Latest News

BLOG: Short-lived African turquoise killifish shed light on the evolutionary basis of vertebrate ageing

For this week’s Departmental Seminar we were fortunate to hear from Dario Valenzano, one of the main investigators pioneering the African turquoise killifish (Nothobranchius furzeri) as a model organism for vertebrate ageing and lifespan studies.

African honeybees as a mitigation method for elephant impact on trees

Researchers at the University of Oxford, in collaboration with Save the Elephants, Elephants Alive and Witwatersrand University, have found that African honeybees act as a mitigation method for elephant impact on large trees.

The team used the marula tree -a favourite amongst elephants - and tested the levels of impact such as trees having their bark stripped, branches snapped or even being toppled over. This was the first study to analyse the use of a combination of both active and dummy beehives as a mitigation method.

BLOG - Two puzzles: Hurricanes and menopause

Last Monday, the Department was very excited to welcome Prof Shripad Tuljapurkar for the weekly departmental lecture. This time the lecture was extra special: Prof Tuljapurkar’s impressive body of work using mathematical models in biology was recognised with the Weldon Memorial Prize this year. In his award lecture, Prof Tuljapurkar discussed two unsolved puzzles in ecology and evolution as examples of the large repertoire of questions that he has tackled in his career: the role of hurricanes in plant population dynamics and the evolution of senescence.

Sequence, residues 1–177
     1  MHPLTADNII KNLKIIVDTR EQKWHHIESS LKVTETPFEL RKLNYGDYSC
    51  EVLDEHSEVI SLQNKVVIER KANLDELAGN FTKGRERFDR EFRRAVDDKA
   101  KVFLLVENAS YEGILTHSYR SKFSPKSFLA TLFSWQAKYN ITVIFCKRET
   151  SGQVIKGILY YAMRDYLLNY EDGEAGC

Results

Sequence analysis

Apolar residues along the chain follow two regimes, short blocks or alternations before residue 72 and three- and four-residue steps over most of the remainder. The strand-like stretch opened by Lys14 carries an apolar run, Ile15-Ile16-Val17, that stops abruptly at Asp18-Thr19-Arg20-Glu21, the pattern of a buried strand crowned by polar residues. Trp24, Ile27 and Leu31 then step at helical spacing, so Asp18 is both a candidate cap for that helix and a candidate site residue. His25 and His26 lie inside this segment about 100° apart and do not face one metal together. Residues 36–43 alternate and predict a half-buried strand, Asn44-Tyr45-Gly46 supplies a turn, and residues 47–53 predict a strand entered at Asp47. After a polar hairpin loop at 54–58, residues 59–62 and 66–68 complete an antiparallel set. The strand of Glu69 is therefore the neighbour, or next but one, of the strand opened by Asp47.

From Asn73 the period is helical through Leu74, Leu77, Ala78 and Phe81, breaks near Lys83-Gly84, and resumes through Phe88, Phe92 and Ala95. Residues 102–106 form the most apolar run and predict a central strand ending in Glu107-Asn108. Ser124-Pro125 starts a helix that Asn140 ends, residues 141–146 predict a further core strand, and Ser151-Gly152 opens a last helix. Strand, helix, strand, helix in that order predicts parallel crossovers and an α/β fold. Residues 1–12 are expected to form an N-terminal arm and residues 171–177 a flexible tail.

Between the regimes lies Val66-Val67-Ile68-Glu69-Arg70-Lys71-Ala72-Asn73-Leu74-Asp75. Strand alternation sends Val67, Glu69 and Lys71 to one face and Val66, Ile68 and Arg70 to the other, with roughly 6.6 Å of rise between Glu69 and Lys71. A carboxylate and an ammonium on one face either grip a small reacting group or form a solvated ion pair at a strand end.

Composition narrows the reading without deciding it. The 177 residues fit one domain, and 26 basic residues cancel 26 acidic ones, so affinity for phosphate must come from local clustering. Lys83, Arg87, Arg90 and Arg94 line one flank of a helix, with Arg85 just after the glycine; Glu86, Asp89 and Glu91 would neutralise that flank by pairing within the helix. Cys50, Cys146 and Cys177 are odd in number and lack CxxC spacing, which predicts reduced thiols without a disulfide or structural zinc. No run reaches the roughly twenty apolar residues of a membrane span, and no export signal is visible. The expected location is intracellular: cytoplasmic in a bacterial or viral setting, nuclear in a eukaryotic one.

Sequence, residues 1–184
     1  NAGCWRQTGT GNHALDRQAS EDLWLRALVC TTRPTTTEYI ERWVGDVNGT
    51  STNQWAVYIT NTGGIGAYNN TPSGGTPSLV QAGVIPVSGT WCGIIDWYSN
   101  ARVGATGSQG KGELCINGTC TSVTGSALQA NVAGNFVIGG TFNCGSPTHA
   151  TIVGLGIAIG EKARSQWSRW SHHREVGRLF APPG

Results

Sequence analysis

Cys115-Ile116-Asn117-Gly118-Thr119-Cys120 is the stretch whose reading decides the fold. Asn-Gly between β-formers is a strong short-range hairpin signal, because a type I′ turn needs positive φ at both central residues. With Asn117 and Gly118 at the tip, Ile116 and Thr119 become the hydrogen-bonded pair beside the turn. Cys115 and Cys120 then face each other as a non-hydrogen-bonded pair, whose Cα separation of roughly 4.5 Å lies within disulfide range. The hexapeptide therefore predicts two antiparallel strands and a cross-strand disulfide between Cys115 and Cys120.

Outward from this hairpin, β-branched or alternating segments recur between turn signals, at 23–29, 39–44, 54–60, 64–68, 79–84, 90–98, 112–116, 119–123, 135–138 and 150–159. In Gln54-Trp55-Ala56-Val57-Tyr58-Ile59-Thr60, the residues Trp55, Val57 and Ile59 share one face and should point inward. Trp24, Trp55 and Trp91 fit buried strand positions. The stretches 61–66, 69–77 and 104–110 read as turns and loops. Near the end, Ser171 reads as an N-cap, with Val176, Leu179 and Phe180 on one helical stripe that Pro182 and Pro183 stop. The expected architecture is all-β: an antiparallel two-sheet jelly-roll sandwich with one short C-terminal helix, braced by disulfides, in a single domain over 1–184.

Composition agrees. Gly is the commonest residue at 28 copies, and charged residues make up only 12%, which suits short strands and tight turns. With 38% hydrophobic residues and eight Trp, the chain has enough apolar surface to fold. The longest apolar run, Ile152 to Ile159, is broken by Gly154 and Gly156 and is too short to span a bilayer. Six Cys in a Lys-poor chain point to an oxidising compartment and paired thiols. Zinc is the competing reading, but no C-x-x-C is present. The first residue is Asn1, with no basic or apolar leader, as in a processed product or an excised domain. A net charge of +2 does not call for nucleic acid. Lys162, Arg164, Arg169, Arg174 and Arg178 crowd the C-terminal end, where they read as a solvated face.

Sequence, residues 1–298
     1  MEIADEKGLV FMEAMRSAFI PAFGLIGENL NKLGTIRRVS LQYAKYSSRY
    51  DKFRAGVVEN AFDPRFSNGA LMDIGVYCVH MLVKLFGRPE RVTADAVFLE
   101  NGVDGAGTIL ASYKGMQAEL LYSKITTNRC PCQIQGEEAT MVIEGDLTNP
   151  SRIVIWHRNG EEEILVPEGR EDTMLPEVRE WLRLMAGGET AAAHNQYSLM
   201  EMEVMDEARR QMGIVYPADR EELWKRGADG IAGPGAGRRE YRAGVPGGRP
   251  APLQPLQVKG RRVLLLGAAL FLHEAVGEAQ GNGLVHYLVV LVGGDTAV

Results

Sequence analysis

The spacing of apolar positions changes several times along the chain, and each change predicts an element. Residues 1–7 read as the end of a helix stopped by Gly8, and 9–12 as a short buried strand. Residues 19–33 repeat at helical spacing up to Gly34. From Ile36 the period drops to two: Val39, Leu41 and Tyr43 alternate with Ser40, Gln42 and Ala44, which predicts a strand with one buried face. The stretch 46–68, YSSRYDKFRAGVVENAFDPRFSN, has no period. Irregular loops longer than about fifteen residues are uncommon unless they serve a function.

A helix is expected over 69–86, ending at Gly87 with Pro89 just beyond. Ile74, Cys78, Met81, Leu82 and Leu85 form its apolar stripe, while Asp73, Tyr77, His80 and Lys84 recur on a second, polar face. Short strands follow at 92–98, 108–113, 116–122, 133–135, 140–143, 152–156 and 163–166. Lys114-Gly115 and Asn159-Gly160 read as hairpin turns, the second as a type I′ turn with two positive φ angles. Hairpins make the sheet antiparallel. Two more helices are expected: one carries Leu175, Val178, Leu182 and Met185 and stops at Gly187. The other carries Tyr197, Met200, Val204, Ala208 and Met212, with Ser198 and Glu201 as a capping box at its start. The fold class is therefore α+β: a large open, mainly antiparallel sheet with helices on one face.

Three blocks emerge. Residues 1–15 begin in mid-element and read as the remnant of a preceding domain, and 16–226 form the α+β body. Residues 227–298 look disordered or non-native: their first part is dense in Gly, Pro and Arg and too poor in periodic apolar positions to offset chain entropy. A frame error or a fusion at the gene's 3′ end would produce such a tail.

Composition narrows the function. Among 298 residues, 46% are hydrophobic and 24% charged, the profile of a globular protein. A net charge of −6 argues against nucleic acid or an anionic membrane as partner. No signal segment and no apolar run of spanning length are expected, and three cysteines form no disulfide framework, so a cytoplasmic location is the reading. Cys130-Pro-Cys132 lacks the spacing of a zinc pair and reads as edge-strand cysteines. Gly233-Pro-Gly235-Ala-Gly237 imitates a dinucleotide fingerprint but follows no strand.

BLOG: An evolution of epigenetic mechanisms through genomic analyses of nematodes

The Department had the pleasure of hosting Peter Sarkies (Imperial College London) who gave a talk about his work concerning the evolution of epigenetic mechanisms through genomic analyses of the nematode phylum. Peter’s research has demonstrated how sampling organisms across a range of evolutionary distances within a single phylum, as opposed to being reliant on data from conventional model organisms that are evolutionarily very distant, can reveal fundamental molecular insights.

‘Friends of friends’ relationships may be simpler than they seem

Forget “It’s complicated”: Social life is actually less complex than it can appear.

New research, from Oxford University and University of Exeter, gives clues into how social networks can evolve by showing that complex social patterns observed across the animal kingdom may be simpler than they appear.

Not only are our own friends an important aspect of our life, but so are our friends’ of friends. These ‘friend-of-a-friend’ relationships are known as ‘indirect social connections’, and show where each individual is positioned within the overall social network.